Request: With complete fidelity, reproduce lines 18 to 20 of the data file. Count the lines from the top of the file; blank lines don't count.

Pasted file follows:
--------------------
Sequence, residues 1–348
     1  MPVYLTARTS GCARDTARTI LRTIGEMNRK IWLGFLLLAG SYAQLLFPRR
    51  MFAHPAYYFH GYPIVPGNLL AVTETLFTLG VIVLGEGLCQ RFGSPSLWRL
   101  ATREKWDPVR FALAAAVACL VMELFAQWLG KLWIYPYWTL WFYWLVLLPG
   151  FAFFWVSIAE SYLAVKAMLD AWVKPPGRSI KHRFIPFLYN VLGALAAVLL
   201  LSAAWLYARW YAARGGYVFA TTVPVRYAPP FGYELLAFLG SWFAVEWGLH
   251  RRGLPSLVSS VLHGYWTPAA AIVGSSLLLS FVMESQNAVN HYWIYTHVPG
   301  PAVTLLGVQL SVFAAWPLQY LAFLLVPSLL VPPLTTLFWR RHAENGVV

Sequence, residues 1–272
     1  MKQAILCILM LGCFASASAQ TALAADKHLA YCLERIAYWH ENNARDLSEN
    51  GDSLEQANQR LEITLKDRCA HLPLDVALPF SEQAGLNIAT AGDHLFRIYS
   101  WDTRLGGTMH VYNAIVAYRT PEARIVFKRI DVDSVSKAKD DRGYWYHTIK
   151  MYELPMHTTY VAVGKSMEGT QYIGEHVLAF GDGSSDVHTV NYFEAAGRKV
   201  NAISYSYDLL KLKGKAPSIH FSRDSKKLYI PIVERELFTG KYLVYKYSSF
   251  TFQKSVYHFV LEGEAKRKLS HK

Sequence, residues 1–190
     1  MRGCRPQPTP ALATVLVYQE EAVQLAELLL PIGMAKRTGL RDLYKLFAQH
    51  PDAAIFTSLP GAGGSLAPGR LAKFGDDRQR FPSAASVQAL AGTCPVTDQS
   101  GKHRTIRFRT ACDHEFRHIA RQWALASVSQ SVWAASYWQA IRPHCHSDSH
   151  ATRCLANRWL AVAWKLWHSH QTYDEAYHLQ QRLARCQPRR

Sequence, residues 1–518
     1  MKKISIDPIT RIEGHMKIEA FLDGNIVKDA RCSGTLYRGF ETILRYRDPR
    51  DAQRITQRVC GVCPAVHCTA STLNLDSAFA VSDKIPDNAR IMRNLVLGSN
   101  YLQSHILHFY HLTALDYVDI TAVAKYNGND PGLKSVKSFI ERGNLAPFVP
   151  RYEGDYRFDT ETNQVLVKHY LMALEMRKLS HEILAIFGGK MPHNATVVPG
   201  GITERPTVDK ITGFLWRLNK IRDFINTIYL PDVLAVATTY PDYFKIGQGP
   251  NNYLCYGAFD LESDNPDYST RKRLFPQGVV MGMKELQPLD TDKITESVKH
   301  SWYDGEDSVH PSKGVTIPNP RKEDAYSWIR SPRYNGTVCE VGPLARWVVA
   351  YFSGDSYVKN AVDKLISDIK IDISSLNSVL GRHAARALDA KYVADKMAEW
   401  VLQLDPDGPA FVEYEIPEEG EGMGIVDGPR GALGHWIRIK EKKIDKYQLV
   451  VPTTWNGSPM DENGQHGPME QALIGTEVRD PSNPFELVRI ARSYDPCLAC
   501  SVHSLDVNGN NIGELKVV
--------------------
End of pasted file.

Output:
    51  PDAAIFTSLP GAGGSLAPGR LAKFGDDRQR FPSAASVQAL AGTCPVTDQS
   101  GKHRTIRFRT ACDHEFRHIA RQWALASVSQ SVWAASYWQA IRPHCHSDSH
   151  ATRCLANRWL AVAWKLWHSH QTYDEAYHLQ QRLARCQPRR